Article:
The nuisance of noise is regarded as a health and safety issue for persons living in dwellings and all occupants of a dwelling should be allowed to follow normal domestic activities, including sleep and rest, without threat to their health from noise.
Noise is transmitted in buildings by both airborne and impact sound sources and UK Building Regulations requires that both these noise types are controlled. Practical guidance to meet with Building Regulation requirements is given within Approved Document E.
Sound insulation, in general terms, is the prevention of airborne and impact sound being transmitted from one part of a building to another through separating floors, ceilings or walls.
Airborne sound sources produce noise by vibrating the surrounding air, for example speech, televisions and home entertainment systems. Airborne sound insulation is concerned with reducing this sound transmission through separating floors and walls.
Impact sound is caused by direct physical collision on part of a building, for example footsteps on a floor. Impact sound insulation is concerned with resisting this impact sound upon separating floors.
Flanking transmission occurs when sound is transmitted from one space to another indirectly, through adjoining parts of the structure, e.g. impact sound may be transmitted from one room to another through a timber floor, but also through the supporting wall.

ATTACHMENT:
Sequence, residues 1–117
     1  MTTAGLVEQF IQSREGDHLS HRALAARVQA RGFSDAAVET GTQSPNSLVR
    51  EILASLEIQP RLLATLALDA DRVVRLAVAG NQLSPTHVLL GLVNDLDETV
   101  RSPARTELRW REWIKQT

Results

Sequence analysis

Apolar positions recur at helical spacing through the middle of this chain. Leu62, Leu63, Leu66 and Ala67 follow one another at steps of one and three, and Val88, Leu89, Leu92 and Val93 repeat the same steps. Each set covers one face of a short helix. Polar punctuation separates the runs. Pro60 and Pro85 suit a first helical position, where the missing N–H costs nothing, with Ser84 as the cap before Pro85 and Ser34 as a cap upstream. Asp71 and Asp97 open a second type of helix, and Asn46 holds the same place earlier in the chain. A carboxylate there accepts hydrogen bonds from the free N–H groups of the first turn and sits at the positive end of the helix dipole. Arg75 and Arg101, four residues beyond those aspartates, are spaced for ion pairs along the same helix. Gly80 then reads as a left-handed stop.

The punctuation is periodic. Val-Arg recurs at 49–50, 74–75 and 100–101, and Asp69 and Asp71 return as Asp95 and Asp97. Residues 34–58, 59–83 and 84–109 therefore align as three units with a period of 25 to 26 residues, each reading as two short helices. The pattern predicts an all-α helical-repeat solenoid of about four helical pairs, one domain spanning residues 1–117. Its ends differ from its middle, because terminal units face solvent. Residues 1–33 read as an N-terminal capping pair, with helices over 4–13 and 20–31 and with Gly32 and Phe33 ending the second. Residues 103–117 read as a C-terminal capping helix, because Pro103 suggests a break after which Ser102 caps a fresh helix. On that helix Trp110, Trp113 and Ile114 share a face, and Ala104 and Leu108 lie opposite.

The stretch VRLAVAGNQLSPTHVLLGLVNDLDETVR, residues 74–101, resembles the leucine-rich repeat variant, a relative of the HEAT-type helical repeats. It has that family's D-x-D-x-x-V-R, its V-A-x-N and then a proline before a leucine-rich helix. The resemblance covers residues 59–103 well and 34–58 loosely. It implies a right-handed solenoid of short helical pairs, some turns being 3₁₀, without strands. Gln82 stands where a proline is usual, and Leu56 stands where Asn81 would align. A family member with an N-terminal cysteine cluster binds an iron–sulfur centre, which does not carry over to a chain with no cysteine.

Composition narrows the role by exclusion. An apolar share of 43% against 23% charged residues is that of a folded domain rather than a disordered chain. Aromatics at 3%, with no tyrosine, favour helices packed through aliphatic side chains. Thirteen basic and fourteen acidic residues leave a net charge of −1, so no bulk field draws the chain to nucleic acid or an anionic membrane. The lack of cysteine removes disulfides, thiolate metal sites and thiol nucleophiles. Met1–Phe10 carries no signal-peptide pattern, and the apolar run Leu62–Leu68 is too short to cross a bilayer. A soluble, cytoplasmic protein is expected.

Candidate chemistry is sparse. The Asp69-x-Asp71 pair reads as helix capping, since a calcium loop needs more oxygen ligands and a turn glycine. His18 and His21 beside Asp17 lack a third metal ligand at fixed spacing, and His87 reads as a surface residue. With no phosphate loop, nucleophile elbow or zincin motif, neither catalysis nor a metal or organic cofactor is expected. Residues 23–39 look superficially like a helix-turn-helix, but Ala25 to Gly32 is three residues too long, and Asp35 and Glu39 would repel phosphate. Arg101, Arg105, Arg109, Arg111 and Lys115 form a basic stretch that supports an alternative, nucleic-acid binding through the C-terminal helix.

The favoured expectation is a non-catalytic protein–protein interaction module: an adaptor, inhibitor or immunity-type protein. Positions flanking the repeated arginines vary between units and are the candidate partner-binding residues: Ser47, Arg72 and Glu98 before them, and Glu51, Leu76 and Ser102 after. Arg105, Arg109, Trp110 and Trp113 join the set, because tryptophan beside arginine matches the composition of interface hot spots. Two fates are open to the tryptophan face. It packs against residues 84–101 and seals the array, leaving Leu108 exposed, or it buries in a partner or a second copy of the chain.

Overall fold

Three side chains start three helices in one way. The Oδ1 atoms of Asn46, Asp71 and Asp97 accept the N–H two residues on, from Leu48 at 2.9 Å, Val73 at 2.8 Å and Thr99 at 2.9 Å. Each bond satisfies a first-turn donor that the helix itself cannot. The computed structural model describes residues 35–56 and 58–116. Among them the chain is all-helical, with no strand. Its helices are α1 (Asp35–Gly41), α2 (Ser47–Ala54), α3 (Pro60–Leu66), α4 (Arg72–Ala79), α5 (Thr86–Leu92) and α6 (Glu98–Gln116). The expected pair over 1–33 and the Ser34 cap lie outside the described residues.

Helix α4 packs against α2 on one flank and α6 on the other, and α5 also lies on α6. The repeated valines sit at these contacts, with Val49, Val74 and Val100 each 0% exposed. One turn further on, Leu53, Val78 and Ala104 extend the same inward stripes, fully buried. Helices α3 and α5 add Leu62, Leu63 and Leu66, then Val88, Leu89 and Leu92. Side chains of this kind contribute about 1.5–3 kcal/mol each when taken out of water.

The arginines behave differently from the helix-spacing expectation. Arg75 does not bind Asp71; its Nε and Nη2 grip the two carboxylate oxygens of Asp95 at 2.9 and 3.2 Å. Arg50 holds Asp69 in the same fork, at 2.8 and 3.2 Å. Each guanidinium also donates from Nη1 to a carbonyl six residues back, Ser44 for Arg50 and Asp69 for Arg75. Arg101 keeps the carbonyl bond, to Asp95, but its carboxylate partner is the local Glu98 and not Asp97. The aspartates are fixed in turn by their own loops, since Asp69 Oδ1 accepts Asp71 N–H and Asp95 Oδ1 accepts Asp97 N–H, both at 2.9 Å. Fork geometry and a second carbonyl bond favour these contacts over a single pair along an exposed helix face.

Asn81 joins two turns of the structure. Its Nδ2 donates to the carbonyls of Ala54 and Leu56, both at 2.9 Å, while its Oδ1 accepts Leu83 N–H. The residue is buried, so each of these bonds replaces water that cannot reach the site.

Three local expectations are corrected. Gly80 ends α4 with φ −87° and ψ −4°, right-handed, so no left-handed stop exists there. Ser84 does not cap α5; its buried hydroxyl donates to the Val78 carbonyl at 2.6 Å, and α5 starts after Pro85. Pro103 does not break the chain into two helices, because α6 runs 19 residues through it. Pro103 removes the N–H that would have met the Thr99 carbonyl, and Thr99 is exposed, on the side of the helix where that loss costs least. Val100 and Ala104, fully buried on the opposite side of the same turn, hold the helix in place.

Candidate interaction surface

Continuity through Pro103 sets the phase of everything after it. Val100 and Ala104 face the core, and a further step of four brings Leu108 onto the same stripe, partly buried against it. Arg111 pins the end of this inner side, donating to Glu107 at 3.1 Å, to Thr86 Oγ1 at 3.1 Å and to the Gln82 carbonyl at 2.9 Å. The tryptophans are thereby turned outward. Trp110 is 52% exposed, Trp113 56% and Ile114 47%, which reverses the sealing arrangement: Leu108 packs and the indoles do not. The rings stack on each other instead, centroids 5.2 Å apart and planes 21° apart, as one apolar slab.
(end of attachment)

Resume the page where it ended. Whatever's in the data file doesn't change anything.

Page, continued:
Flanking transmission is always a potential problem within any structure, in particular, buildings being converted, and depending on the intensity of the acoustic energy received via flanking transmission paths, the effectiveness of sound insulation of separating partitions can be much lower than expected from their construction.
Careful consideration must be given to the effect of flanking transmission within any building and all potential flanking paths must be identified and eliminated prior to the installation of any system providing residential acoustics.